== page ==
A Literary Guide to KwaZulu-Natal

A Literary Guide to KwaZulu-Natal by Niall McNulty, Lindy Stiebel
ISBN: 978 1 86914 357 2

For several years I was involved in a research project at the University of KwaZulu-Natal, researching authors, their books and places connected to them. We produced a number of author profiles and literary trails over the years (in collaboration with a number of co-researchers), which we published online. Working with UKZN Press, we have taken that research and compiled a literary guide, which was recently published.

Book details
KwaZulu-Natal is culturally rich, offering a wide range of writers – writing mainly in English and Zulu – who are linked through their lives and their writing to this province of South Africa. The writers include, to name just a few, Alan Paton, Roy Campbell, Lewis Nkosi, Ronnie Govender, Wilbur Smith, Daphne Rooke, Credo Mutwa and Gcina Mhlophe. And how better to understand a writer than to know about the places they are linked to? For example, who, after reading the lyrical opening sentences of Paton’s famous book Cry, the Beloved Country (1948) has not wanted to see this scene in reality?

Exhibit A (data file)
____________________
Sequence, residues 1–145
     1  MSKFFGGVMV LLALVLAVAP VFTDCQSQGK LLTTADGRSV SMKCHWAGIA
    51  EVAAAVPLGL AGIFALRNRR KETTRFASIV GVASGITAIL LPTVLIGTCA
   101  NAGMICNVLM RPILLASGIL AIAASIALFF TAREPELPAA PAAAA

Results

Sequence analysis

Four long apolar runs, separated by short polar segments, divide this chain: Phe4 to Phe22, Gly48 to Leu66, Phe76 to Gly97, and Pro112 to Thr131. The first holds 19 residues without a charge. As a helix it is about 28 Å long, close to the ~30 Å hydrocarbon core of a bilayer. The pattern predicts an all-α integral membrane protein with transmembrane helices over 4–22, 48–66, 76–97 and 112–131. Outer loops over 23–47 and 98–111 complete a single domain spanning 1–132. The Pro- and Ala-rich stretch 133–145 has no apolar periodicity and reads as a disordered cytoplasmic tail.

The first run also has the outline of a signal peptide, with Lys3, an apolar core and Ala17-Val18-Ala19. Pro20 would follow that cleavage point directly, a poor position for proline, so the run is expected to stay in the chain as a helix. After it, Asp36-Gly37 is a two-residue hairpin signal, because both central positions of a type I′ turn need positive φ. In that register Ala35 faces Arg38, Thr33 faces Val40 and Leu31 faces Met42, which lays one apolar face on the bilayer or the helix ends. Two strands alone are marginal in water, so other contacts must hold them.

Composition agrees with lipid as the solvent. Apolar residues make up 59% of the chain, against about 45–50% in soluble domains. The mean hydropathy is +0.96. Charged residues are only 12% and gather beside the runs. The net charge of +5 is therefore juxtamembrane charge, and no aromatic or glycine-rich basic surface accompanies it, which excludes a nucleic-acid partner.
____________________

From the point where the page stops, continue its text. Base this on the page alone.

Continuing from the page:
There is a lovely road that runs from Ixopo into the hills. These hills are grass-covered and rolling, and they are lovely beyond any singing of it.

A Literary Guide to KwaZulu-Natal introduces you to the regions and writers through word and image, leading you imaginatively through this beautiful province.

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The Heart of the City

(Chapter written for Undressing Durban book)

Inyanga, Warwick Triangle. Photograph by Roger Jardine.

I’m hopping about on one leg, in the middle of a busy walkway, obstructing morning commuters.  Directly across from me is the herb-sellers market, above me cars funnel into the city while below colourful aprons are strewn across stairs, the ladies selling them sitting on upturned crates.  “Is this the right size?” I ask Crops as I squeeze my foot into a cross-strapped rubber sandal.  “Sure, sure, stretch to fit,” he answers.  Crops makes and sells imbadadada (a home-made shoe or literally ‘someone who walks with an awkward gait’) from a small outlet on the edge of Warwick Triangle.  Pairs are lined up outside his shop, in rows based on style and size. The imbadadada is a thick, hard-wearing sandal, with two straps along the front and one along the back, originally made by Zulu tribesmen.  Johnny Clegg made these shoes popular with a wider audience in the eighties, dancing in a pair on stages across the world.

“I make these myself from the car tires,” Crops tells me.  “It’s an old design.  They first started making them in the 1950s.  The people buy it for the traditional dance or just to wear.  It is comfortable and they last a long time.   I am also making these new styles now, ones with the buckle and ones with Nike.”

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